The Symptoms and Treatment of Chancroid
Chancroid is an infectious illness produced by a bacteria. The main means of prevention is the use of condoms and reducing your number of sexual partners.
Chancroid is a bacterial infection caused by the bacteria Haemophilus ducreyi. This infection is prevalent in many parts of the world, including Africa and Southeast Asia. In developed countries, however, there are very few people with a chancroid diagnosis. Just the same, it’s important to be aware of the symptoms and treatment of chancroid.
Since chancroid is uncommon in the United States, most people that receive this diagnosis contract the illness while away from their place of residence. In other words, in areas where the infection is more prevalent.
Chancroid is an illness that involves sores and ulcers on the genitals. It can spread in two different ways:
- Sexual transmission by means of skin-to-skin contact with an open wound.
- Non-sexual transmission by means of autoinoculation when a person comes in contact with the pus-like liquid from a chancroid ulcer.
According to health experts, chancroid can spread whenever sores or ulcers are present. That means that as long as a person has chancroid ulcers on the body, he or she can transmit the disease to others.
The signs and symptoms of chancroid
The incubation period of the Haemophilus ducreyi bacteria is between three and seven days. After that, small, painful papules begin to appear which quickly turn into superficial ulcers.
These ulcers are soft and are yellow or grey in color. They have irregular and undermined borders, meaning there’s tissue hanging over them, and are surrounded by an erythematous rim. The size of these ulcers tends to vary and they frequently fuse into one another to form a single lesion. In some cases, they may develop into a fistula.
On occasion, deeper chancroid lesions can lead to the destruction of important tissue. At the same time, the infection causes the lymph nodes to swell and increase in size. What’s more, they can come to join together and lead to pussy abscesses known as buboes.
It’s important to note that chancroid can spread to other parts of the body and produce new lesions. Other symptoms of this infection include:
- Phimosis: The narrowing of the opening of the prepuce, which keeps the head of the penis from being able to emerge from the foreskin, either partially or completely.
- Urethral stenosis: This occurs when the tube that transports urine to the outside of the body – the urethra – narrows.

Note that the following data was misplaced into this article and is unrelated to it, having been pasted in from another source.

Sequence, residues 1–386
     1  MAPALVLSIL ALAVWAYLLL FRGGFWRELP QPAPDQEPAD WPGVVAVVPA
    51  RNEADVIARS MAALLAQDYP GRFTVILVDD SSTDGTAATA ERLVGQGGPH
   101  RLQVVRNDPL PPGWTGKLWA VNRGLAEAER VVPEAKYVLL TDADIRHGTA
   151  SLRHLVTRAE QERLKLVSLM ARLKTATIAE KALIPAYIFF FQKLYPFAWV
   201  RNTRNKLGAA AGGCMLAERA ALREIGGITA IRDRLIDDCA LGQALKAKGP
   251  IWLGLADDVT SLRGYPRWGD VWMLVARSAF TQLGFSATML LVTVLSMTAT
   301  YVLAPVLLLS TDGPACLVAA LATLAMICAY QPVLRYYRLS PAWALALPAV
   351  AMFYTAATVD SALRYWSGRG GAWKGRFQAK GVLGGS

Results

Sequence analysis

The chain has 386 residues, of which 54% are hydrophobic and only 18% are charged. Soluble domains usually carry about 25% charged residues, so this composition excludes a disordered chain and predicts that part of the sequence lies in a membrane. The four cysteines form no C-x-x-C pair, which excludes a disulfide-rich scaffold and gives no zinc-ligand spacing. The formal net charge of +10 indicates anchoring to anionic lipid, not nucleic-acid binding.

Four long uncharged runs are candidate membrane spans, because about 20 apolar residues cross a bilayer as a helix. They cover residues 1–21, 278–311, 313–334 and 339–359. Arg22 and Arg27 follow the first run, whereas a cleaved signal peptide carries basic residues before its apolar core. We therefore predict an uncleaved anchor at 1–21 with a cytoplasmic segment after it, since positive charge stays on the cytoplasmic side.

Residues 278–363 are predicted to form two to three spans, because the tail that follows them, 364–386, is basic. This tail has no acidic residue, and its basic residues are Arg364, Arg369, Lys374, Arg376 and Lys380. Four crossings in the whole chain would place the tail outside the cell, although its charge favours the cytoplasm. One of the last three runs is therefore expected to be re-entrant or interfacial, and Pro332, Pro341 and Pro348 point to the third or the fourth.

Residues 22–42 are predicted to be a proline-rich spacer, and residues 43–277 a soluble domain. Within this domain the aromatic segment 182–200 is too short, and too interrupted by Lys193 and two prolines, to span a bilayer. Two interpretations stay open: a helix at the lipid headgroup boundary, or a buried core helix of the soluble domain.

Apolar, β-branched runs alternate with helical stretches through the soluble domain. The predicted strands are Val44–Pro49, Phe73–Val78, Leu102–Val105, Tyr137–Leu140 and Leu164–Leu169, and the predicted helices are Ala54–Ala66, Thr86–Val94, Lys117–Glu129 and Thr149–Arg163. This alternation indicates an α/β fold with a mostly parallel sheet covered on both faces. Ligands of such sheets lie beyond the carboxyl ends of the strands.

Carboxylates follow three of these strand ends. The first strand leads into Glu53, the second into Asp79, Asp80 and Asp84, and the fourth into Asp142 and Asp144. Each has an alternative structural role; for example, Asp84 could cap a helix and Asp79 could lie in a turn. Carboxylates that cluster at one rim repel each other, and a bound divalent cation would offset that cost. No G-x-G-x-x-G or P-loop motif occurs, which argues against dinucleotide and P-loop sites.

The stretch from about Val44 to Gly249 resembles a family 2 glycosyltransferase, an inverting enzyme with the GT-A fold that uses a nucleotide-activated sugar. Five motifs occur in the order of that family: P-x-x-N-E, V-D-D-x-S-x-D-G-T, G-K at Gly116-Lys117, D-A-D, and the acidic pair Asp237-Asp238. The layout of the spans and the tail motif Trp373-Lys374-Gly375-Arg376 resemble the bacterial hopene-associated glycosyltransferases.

- Urethral fistulas.
Learn more: How Can Women Protect Themselves from STDs?
The treatment of chancroid
The treatment of chancroid should take place as soon as possible. In suspected cases of this infection (based on observable symptoms) treatment should be established accordingly and without delay.
Since this infection is bacterial, the treatment of chancroid consists of the administration antibiotics. The antibiotic that doctors prescribe most often is azithromycin (1 gram by mouth), ceftriaxone (250mg by intramuscular route), and ciprofloxacin over three days.
Treating sexual partners from the 10 days before the appearance of symptoms is also a basic measure. This is true even if these partners aren’t experiencing any of the typical symptoms. It’s also crucial for those with this infection to abstain from unprotected sex during treatment.
If patients follow the recommended treatment, symptoms should improve within three days. Of course, treatment should always take place under the supervision of a doctor and never through self-medication. On occasion, it may take two weeks for healing to take place, such as in the case of patients with HIV.
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The prevention of chancroid
It goes without saying that avoiding having unprotected sex with a person with chancroid is the best way to prevent contagion. What’s more, limiting the number of sexual partners also reduced the risk of infection. Using condoms considerably reduces one’s risk of contracting the bacteria that causes chancroid.
If you suspect you may have chancroid, then you should avoid sexual contact until you’ve seen a doctor. He or she will conduct a proper diagnosis to confirm or discard the infection.
You should also contact your sexual partners immediately to let them know that you have this infection. That way, they can also see a doctor and undergo treatment, if necessary.